- Difference Between Profitability Ratios & Investment Utilization Ratios
- How to Calculate Expense Ratio From Financial Statements
- Bond Fund Expense Ratios
- The Difference Between Statutory Expense Ratio & GAAP Expense Ratio
- What Qualifies for an Investment Expense?
- Ratios Used in Predicting Stock Prices
The operation of a mutual fund involves costs, such as operating expenses, which are not directly related to investor transactions. The largest component of operating expenses is a fee paid to the mutual fund's manager. Other expenses include record-keeping, custodial services, legal expenses, taxes, and accounting and auditing fees. Some funds also have a 12b-1 fee, which is a marketing, advertising and distribution services fee. The fees are charged regardless of fund performance.
The expense ratio refers to the percentage of total assets required to operate a fund. The percentage is determined annually, by dividing a fund's operating expenses by the average dollar value of assets under fund management. The fees resulting from the buying and selling of fund assets are not included. According to Bloomberg, the average expense ratio for actively managed mutual funds is 1.43 percent per year. In turn, equity- and bond-index funds charge average fees of 0.14 and 0.13 percent respectively. A 1.43 percent per annum expense ratio means that a fund must use 1.43 percent of a fund's total assets to cover operating costs. Operating expenses decrease the total value of the mutual fund's assets, which reduces the return to fund investors. Therefore, the lower the ratio, the better for investors.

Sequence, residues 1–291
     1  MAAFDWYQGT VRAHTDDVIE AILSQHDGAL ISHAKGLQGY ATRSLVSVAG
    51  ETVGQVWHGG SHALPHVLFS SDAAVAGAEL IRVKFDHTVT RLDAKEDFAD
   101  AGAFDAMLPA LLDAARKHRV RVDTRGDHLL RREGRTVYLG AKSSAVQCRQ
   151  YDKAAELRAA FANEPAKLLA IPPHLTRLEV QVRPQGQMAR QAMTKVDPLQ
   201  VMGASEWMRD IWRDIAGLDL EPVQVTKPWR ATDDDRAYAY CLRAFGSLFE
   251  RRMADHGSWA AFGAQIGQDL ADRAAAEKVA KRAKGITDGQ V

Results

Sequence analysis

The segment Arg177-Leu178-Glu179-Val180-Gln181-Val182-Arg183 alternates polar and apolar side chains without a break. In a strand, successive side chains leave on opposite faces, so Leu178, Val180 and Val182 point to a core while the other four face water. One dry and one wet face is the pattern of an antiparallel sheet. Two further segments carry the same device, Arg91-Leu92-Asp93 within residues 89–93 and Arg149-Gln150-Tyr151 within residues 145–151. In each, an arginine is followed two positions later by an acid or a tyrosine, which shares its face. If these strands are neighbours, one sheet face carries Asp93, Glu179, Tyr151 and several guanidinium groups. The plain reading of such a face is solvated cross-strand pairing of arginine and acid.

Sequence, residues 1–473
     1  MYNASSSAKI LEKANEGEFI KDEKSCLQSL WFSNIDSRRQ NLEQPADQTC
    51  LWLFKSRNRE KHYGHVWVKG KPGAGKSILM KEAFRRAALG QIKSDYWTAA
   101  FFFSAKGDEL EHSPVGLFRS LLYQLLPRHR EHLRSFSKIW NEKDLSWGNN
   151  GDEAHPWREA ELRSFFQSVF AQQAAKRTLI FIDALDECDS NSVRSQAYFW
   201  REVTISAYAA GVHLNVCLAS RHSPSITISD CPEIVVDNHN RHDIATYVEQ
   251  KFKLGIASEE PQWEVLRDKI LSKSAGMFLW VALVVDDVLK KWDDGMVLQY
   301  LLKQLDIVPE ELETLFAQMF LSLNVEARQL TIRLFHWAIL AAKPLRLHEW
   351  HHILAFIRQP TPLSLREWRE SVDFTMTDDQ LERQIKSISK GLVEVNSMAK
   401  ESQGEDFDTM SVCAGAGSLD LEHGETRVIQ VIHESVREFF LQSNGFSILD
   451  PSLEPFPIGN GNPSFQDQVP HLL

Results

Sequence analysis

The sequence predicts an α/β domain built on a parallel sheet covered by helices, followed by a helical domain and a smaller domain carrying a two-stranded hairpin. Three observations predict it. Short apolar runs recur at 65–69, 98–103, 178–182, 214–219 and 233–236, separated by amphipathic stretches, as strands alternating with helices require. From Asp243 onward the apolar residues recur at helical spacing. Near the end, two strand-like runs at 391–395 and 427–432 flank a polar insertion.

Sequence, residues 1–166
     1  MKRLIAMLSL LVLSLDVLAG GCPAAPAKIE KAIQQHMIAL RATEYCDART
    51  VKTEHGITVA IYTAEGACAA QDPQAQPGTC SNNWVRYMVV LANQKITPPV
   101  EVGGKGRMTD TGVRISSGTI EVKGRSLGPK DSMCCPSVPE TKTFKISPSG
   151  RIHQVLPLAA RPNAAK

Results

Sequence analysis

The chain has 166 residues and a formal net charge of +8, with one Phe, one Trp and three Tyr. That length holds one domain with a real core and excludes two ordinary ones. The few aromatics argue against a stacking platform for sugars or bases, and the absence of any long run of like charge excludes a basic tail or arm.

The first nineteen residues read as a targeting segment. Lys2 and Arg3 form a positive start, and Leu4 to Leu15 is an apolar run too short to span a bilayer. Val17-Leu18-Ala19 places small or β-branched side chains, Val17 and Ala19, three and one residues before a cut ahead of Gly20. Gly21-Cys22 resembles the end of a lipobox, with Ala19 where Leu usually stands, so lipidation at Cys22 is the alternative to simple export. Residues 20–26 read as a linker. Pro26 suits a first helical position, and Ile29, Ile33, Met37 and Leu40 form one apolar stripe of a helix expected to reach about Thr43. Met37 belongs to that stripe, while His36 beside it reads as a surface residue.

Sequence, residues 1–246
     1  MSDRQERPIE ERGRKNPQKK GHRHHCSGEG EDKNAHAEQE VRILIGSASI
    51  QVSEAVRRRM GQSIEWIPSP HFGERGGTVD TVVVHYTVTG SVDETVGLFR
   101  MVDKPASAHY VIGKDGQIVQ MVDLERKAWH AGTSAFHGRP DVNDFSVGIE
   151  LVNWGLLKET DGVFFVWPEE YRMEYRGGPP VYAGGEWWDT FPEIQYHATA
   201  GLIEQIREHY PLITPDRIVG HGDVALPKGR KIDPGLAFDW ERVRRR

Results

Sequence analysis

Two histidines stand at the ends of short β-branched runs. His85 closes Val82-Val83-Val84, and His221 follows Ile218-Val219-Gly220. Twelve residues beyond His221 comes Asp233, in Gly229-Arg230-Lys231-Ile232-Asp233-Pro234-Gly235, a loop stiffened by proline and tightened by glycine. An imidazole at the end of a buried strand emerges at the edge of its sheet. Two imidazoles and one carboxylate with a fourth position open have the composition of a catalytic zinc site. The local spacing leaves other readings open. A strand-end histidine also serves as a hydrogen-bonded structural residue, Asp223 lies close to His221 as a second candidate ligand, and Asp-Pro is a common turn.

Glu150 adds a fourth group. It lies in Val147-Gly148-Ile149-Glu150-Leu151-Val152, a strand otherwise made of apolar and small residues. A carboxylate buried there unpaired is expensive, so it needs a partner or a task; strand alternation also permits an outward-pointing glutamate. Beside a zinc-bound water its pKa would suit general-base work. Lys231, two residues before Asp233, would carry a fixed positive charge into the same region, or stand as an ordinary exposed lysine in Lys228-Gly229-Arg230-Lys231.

Investors consider a firm with strong asset performance – as indicated by relatively low operating expenses -- as potentially a good investment. A lower expense ratio means more efficient use of the fund’s assets in earning the investors’ return, lower operating costs and a higher return for investors, all other things being equal. If one fund earns the same return as another fund using an equal amount of assets with less expense, the first fund is more efficient than the second fund. In turn, the first fund is perceived by investors to perform better than its competitors. In this way, investors rely on the expense ratio to compare a fund’s performance from one period to another or against the performance of its competitors.
The average expense ratio for actively managed mutual funds is 1.43 percent per year versus 0.14 and 0.13 percent respectively for equity index and bond index funds. So if the gross return for three funds is 6 percent, operating expenses consume 23.8 percent of an actively managed fund's return, 2.3 percent of the equity index fund's return and 2.2 percent of the bond index fund's return. However, it is important to review each of the elements that make up the operating expenses, such as the management fee expense, rather than evaluating the expense ratio alone. In this case, the actively managed mutual fund must out-perform the index funds by at least 21.5 percent for an investment in this fund to be a good one.
The Securities and Exchange Commission requires each mutual fund to create a prospectus, which is a disclosure document and contract between the fund and the investor. The "Cost of the Fund" section of the prospectus describes a fund's fees and expenses.
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